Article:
the key criteria was to find leaders like nelson mandela and others who would speak forthrightly about the challenges, make sure there was no stigma in society, and a specialt to antiviral drugs. , what youdor frazer take away as their reaction to nelson mandela's death. ugabe, in zimbabwe, a colonial past. >> many would say that robert and nelson mandela, there was a little bit of a rivalry there, particularly on mugabe's part because when he became president of zimbabwe he was wrong respected globally -- he was well respected globally. his economy was starting to fail.
it was not a redistribution of land. he then blamed it on the white population and dispossessed them of the land. president mandela when he came to power essentially compromised , and he was very clear he was going to move more slowly on the economic front so that he could to especiallyity the white population there, but there are still these challenges of land reform in south africa that needs to be addressed, but nelson mandela's whole demeanor of reconciliation, of reaching andto one's former enemy also the philosophy of the anc political party of a nonracial south africa, i think, will lead to very different choices, or lead to very different choices and nelsonert mugabe mandela who stood for and believed and enforced a philosophy of reconciliation, a south africa for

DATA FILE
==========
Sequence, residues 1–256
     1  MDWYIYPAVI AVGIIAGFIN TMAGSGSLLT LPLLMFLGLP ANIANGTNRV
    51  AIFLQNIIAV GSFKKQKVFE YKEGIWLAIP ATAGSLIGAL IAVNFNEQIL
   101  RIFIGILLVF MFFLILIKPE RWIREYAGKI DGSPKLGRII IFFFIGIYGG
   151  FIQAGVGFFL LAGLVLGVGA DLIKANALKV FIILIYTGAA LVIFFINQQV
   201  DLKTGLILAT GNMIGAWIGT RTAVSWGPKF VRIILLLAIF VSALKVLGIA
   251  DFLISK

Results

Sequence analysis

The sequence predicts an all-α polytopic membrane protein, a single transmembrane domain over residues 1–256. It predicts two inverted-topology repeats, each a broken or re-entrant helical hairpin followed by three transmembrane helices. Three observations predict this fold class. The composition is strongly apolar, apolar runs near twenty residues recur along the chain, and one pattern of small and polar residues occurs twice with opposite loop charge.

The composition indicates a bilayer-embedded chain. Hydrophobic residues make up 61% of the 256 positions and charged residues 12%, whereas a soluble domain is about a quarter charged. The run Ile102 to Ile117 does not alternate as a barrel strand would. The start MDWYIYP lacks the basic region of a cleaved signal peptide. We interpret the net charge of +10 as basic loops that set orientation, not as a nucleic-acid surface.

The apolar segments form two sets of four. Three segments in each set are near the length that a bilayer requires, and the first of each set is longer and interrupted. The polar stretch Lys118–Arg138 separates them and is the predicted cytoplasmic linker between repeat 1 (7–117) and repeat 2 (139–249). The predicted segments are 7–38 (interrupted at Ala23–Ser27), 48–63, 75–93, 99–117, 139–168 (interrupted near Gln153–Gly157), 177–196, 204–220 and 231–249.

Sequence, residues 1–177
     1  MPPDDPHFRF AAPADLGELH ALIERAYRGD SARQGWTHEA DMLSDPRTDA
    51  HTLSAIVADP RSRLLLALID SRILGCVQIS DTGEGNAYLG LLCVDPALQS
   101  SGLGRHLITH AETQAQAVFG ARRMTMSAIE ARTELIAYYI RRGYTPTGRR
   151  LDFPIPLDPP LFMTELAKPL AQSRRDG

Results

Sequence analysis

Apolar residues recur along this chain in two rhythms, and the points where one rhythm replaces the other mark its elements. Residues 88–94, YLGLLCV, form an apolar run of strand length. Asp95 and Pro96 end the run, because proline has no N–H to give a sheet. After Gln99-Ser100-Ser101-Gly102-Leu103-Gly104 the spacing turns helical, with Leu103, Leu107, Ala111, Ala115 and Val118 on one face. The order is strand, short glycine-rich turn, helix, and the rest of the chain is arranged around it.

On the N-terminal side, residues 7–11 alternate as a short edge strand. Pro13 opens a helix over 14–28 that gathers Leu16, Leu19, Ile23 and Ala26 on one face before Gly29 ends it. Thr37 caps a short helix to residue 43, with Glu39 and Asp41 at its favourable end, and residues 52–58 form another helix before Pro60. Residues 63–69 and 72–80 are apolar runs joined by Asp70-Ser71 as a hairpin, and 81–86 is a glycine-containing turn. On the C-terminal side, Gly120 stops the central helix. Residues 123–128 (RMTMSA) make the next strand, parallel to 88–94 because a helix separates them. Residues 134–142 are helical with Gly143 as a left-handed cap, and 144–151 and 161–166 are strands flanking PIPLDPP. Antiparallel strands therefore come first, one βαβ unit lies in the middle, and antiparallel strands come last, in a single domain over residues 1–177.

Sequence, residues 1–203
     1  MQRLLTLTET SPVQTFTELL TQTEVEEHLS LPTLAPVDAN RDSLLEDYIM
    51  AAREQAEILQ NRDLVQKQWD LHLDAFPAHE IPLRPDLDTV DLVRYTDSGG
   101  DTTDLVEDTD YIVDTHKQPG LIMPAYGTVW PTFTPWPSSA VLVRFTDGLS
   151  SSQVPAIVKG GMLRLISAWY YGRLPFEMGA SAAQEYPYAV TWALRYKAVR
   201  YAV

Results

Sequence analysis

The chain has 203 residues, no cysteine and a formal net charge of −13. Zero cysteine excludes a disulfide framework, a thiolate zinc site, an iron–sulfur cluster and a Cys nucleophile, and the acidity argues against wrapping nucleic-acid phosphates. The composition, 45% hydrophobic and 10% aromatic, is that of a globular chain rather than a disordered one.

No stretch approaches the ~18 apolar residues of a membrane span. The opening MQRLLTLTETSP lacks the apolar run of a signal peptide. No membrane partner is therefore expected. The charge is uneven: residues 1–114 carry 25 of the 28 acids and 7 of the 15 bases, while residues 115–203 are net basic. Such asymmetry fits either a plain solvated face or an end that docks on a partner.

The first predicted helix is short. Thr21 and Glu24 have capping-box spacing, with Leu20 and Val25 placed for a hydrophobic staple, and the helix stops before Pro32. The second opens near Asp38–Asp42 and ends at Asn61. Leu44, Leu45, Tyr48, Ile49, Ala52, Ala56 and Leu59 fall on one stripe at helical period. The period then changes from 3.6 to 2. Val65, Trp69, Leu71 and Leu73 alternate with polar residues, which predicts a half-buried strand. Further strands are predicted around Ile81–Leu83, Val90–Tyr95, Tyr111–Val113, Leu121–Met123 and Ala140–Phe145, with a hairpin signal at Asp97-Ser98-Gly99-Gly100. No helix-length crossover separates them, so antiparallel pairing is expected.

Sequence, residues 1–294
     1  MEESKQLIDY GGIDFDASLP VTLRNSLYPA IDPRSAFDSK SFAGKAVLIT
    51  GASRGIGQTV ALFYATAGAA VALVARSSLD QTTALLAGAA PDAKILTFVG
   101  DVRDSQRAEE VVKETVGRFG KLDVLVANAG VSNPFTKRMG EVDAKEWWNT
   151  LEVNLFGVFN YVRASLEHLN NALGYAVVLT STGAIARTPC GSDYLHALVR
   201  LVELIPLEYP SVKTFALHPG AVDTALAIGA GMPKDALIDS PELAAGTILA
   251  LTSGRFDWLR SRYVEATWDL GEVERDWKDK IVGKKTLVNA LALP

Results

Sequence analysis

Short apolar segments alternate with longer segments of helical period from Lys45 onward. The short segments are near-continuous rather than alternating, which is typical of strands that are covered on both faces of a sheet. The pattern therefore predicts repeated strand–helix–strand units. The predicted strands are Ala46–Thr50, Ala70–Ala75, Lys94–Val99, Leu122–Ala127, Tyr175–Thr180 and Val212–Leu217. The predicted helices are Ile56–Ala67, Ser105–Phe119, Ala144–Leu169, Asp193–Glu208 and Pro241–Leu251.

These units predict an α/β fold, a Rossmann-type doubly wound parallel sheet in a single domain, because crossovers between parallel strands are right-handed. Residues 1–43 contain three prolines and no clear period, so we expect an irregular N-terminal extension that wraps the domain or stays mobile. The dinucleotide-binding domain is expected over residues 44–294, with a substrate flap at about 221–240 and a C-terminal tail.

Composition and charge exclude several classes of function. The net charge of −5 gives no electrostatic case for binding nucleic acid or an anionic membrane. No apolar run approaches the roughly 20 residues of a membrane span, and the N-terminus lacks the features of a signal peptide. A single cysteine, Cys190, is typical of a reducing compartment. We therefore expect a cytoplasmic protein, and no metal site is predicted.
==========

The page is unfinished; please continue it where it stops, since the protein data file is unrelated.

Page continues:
all south africans, whatever their race or religion, whatever their nationality or ethnic group. >> thank you very much for joining us. former u.s. ambassador to south , helpingjendayi frazer us discuss nelson mandela, a global leader who will be missed. this is "taking stock" on bloomberg. ♪ >> this is "taking stock" on
street.com, draft and barry stiller has taken notes. his company recently purchased draftstreet.com. former on the popularity of fantasy leagues, i am joined by their chief executive, brian schwartz. thank you. before you came on, you do not expect to be running a company that is doing fantasy sports when you were at the university of wisconsin madison, were you? >> nope. i knew that i would get into something digital, but fantasy sports was a dream i never thought would come true. >> you had been playing since the age of 11? or 12, i was picking up newspapers, checking the stats to see how my team was doing. >> how does draftstreet.com work? drafting a teaminin for the whole season, and you draft a team for the week.